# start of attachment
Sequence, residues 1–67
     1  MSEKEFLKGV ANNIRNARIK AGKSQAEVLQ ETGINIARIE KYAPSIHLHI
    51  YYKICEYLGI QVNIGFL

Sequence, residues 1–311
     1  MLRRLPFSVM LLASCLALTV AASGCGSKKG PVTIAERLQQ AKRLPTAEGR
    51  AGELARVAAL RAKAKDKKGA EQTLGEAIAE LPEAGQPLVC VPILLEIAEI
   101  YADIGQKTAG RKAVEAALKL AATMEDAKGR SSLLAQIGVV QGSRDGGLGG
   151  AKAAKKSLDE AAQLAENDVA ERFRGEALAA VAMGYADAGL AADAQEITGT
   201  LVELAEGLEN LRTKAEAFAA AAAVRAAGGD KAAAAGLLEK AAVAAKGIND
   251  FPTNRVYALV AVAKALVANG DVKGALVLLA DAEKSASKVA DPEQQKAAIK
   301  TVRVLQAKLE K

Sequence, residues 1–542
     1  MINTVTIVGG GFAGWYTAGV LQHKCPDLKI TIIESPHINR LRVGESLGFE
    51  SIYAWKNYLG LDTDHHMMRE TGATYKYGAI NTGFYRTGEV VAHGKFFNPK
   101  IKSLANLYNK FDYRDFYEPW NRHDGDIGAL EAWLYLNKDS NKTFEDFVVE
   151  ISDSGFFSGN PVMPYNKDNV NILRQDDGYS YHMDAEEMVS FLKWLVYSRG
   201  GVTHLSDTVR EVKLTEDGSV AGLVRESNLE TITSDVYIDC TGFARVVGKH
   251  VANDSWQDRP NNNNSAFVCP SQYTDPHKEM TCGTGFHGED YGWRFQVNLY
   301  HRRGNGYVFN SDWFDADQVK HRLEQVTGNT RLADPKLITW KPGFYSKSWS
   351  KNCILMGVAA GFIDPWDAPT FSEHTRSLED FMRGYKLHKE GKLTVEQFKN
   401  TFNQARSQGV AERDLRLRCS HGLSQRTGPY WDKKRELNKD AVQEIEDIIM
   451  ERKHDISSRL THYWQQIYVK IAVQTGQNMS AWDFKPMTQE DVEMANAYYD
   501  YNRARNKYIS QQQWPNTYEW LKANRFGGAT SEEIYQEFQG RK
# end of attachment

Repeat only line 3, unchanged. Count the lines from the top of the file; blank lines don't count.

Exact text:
    51  YYKICEYLGI QVNIGFL